29. This is the hour at which the
Italian ultimatum to Turkey expired
and followed a session of the cabinet
at which the Turkish reply was con
sidered and found unsatisfactory.
Though every indication points to
this action by the royal government,
there was always a possibility that
the good offices of other governments
would be successful in avoiding hos
tilities and when the final decision of
tue cabinet was announced, the ex.
citement throughout the city was in
tense. Throughout the earliest hours
of the day the papers have issued
special additions anouncing that the
Italian fleet was moving in plain sight
off the Coast of Tripoli and intimating
that war might be declared at any mo
ment. Minister of Foreign Affairs
Signor Di Sangiuliano, received the
turkish reply from the Turkish am
bassador this morning and immedi
tely went into conference with his
associates in the ministry.
It is understood that the Ottoman
government completely conceded Ita
ly's economic claims in Tripoli, but
evaded the direct answer demanded
by this government, which had set
forth in its ultimatum that Turkey
must say that.she would not resist
the proposed occupation of Tripou
and Cyrene. Instead the porte sent
a conciliatory note suggesting furth
er delay. It was known that the
same time Turkey transmitted the
note to the powers, in which it is
assumed that she represented herself
as the injured party, by the confer
ence at least sought their interven
tion. The Royal government decided
to stand absolutely by their ultima
tum of yesterday and in the absence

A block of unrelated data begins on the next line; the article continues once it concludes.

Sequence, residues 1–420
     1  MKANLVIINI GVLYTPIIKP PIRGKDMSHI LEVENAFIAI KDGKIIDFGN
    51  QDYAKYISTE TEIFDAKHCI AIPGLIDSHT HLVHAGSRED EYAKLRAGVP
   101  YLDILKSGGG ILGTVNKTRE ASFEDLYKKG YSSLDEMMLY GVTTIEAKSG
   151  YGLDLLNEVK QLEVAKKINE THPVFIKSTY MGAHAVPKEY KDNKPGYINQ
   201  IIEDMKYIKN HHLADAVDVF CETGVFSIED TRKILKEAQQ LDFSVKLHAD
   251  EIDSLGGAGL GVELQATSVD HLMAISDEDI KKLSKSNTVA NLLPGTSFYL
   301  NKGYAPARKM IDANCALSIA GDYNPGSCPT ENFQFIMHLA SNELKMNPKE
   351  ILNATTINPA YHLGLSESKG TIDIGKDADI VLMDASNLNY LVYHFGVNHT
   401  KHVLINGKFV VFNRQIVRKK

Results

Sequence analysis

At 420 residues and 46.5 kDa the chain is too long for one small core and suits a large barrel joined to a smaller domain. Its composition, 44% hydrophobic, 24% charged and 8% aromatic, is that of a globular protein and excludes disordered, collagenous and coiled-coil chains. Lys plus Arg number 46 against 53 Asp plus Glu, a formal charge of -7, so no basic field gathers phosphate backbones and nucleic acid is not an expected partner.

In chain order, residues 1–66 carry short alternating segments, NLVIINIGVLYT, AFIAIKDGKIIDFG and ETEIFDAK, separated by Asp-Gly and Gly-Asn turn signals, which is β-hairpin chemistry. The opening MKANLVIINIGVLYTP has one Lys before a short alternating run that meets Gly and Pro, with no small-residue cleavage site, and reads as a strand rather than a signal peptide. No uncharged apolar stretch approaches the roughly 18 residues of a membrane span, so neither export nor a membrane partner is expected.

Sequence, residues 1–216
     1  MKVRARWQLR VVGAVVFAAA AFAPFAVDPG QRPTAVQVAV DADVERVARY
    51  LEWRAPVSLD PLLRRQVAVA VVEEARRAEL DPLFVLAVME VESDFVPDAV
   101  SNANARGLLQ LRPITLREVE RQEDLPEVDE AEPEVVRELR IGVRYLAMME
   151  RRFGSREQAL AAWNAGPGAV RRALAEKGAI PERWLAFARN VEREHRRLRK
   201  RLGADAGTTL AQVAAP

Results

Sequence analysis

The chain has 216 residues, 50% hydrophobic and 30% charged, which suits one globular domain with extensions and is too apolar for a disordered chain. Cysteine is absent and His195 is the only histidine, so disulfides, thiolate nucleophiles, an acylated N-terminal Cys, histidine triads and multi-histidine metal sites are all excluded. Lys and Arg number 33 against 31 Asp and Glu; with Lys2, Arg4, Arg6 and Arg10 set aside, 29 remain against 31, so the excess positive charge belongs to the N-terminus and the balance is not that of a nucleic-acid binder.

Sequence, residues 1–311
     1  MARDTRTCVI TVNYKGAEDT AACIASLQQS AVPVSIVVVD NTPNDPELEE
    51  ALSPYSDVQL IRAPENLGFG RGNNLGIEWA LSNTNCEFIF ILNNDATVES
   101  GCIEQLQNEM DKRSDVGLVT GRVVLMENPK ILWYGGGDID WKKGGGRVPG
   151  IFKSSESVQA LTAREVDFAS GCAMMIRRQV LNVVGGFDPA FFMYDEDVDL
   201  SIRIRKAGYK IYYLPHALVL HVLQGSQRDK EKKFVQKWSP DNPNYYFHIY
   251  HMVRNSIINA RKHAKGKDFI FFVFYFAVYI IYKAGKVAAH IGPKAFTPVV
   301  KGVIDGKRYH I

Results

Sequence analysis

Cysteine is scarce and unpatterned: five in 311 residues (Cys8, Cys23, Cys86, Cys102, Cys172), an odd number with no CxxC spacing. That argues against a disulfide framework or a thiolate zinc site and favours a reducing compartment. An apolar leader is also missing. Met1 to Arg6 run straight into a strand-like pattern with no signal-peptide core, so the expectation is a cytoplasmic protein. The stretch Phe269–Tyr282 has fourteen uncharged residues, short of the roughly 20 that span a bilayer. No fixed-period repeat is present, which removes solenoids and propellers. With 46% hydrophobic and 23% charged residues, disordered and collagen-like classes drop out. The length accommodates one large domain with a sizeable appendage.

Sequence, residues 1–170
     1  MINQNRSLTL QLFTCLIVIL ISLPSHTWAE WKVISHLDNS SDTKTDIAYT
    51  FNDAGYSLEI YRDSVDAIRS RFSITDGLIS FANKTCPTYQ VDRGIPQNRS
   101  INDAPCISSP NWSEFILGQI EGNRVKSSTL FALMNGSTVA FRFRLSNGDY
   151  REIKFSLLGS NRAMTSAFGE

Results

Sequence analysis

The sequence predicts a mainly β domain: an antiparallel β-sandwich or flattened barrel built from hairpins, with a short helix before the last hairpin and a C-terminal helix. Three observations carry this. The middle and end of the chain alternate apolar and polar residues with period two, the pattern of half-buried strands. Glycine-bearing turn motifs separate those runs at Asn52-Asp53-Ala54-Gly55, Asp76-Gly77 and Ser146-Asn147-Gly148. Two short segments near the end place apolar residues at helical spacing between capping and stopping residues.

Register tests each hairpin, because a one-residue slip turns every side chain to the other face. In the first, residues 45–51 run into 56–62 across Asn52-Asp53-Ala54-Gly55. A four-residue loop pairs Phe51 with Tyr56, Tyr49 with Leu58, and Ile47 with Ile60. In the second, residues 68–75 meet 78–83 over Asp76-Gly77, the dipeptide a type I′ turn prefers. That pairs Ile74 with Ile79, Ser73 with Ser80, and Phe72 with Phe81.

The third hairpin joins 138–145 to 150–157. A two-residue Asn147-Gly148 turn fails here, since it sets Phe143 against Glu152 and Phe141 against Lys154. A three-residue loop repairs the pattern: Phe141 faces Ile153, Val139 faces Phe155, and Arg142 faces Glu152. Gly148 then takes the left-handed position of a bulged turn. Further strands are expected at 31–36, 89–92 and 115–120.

of the reply called for to declare Italy
and Turkey in a state of war from
the hour that the ultimatum of 24
hours expired.
CONSTANTINOPLE, Sept. 29—The
Trukish reply to the Italian ultimatum
demanding assurances that there will
be no resistance to the Italian military
occupation of Tripoli and Cyrene was
communicated to the Italian charge
d'affaires, Signor Di Martin, at 6:30
o'clock this morning.
The message was couched in friend
ly terms and expressed surprise at the
action of Italy in view of the cordial
relations existing between the two coun
tries. It pointed out that the Italian
interests in Tripoli had not been threat
ened and expressed the hope that Italy
would desist from her contemplated
measures. Assurance was given of Tur
key's desire for a settlement of the
matters pending between the two gov
ernments. The reply also stated that
the Italian subjects in Ottoman terri
tory were^ exposed to no danger as the
authorities afforded them protection,
and added that Turkish military meas
ures had been suspended during the
period of negotiations for a settlement
of the differences. The reply was de
termined upon at a cabinet council
which continued at the palace from late
yesterday until early today.
Upon receiving the communication